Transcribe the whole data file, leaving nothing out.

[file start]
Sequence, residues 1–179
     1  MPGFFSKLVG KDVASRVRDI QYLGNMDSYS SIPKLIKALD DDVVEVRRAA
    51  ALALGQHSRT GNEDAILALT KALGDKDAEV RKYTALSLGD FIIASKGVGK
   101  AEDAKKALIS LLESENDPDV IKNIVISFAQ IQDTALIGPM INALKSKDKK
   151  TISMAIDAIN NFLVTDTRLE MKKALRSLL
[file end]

Sequence, residues 1–179
     1  MPGFFSKLVG KDVASRVRDI QYLGNMDSYS SIPKLIKALD DDVVEVRRAA
    51  ALALGQHSRT GNEDAILALT KALGDKDAEV RKYTALSLGD FIIASKGVGK
   101  AEDAKKALIS LLESENDPDV IKNIVISFAQ IQDTALIGPM INALKSKDKK
   151  TISMAIDAIN NFLVTDTRLE MKKALRSLL